Flying In

Maybe the trickiest part of any budget trip to Japan is getting there in the first place. I live in London, so Tokyo is at the very least twelve hours away – but over five years I’ve found a few tricks for getting there cheaply. This page is updated regularly with the latest deals, and below that more general information on flying in.

Latest Deals – Summer-Autumn 2015
The cancellation of Virgin Atlantic’s service from London to Tokyo Narita seems to have had little impact on cheap fares. As usual, flights in October are good value: as little as £500 for Heathrow to Narita if you’re prepared to take a nearly 20 hour route via Etihad, or around the £570 mark for more reasonable routes (Lufthansa via Germany, for instance) – and some of the same rates can be found midweek in September, too. As usual, the summer holidays skew prices up in August – you’re looking at £750 or more on almost any day.
If you’d rather avoid Tokyo, there are a few good rates to Fukuoka via KLM in late October – a 15 hour trip via Amsterdam for around £520. You might also spot a £525 rate from London to Osaka KIX, but beware – it’s a 30+ hour haul via India and Hong Kong.

Getting Cheap Tickets

The cost of plane tickets from London to Japan is very seasonal, with sharp peaks in school holidays. I’ve found March to May and October to be often well priced, with prices occasionally ducking under £500 if you book a few months in advance. I’ll always list the latest deals at the top of this page.
As always, taking a non-direct route will often be cheaper than a direct one. Changing planes in Europe (Lufthansa flies to Haneda from Munich, and there are several Paris to Tokyo options) can get the price down, and I’ve also found Korean Air services to Incheon (Seoul), then a change there, to be a cheap way into smaller Japanese airports.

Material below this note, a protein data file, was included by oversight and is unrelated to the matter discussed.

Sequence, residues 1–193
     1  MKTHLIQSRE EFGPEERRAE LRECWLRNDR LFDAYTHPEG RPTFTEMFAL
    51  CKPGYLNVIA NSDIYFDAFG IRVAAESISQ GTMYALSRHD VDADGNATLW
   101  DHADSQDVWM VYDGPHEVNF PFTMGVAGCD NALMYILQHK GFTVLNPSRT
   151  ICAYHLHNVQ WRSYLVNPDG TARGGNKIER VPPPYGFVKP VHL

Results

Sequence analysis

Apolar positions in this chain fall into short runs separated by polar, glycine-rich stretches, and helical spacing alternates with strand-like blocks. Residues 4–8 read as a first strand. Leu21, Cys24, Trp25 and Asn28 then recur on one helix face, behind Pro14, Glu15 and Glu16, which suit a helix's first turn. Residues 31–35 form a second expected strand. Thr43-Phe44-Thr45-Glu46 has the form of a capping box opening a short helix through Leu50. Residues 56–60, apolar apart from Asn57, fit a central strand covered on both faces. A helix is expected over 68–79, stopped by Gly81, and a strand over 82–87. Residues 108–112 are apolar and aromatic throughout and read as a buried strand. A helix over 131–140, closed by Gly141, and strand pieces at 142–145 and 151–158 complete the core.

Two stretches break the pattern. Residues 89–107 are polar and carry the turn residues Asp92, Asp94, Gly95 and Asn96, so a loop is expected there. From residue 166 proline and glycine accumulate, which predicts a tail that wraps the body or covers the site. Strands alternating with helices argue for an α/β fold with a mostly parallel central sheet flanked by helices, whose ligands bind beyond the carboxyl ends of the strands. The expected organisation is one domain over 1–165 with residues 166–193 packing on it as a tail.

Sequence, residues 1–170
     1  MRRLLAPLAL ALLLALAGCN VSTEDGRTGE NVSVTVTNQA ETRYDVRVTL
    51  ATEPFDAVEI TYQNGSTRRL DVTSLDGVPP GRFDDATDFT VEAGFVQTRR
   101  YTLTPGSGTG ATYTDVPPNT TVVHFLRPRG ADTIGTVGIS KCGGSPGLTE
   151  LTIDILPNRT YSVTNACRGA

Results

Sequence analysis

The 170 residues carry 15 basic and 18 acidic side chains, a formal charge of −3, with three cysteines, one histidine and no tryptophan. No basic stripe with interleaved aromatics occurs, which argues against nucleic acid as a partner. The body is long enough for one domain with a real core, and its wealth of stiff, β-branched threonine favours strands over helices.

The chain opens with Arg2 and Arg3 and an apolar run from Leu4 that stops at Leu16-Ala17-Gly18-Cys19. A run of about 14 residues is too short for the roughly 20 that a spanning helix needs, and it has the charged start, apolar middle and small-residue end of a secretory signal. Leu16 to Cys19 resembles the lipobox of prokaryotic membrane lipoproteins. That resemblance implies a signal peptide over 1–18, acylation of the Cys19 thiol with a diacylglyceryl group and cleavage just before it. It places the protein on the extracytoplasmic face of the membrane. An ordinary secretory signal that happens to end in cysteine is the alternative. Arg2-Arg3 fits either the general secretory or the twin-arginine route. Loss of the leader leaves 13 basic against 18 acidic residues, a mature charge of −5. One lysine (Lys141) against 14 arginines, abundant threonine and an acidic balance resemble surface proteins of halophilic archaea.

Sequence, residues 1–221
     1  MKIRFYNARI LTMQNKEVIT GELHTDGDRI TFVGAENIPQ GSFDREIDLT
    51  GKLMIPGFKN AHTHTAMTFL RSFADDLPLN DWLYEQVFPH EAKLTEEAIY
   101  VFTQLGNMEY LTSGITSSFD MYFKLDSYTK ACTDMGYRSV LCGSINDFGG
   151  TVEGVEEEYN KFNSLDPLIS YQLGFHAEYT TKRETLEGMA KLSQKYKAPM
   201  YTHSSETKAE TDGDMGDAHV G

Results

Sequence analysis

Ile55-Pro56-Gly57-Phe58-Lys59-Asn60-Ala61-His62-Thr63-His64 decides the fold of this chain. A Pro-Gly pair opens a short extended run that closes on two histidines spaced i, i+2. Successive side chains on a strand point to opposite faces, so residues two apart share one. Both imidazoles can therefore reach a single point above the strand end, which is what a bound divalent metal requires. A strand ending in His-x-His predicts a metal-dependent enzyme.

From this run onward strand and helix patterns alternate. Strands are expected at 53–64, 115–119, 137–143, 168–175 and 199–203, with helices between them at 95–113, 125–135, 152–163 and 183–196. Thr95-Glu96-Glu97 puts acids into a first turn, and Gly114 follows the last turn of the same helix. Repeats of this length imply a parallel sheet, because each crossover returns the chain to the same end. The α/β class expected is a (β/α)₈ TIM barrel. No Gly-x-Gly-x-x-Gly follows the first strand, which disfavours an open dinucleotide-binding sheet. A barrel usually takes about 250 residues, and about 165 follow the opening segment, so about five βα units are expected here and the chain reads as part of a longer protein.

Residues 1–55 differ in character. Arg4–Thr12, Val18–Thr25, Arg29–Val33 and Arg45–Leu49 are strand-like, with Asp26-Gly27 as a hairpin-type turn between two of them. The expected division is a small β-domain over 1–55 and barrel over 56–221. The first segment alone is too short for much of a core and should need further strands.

Where to Arrive

Japan’s biggest international airport is Narita, just outside Tokyo. It’s a busy two-terminal airport, serving mostly international flights but a few domestic ones too. The quickest way into the city is the Narita Express (NEX) train, which serves both Tokyo and Shinjuku stations – but it’s expensive, and has reserved seats only. For a cheaper trip there’s the Keisei railway, which has stops interchanging with several subway lines and runs all the way to Ueno.
Narita’s fine, but given the option I’d always fly into Haneda for Tokyo. It’s older, but located right in the bay, so getting into Tokyo is as easy as jumping on the monorail, which runs right from the terminals to Hamamatsuchou, where you can change onto the Yamanote line. It’s also the bigger hub for domestic flights – both JAL and ANA run dozens of services from the domestic terminal.
Other airports served internationally include Kansai International (KIX), just east of Osaka, and Fukuoka, Kyushu, which is now reachable both via Korea and a direct KLM service from Amsterdam. Fukuoka airport is right in the city, with a direct subway link. Note that Kansai International is relatively poorly served by domestic flights (which go from the old Osaka airport at Itami). Unless you can make your connection via the low-cost line Peach, I’d go via Tokyo Haneda instead.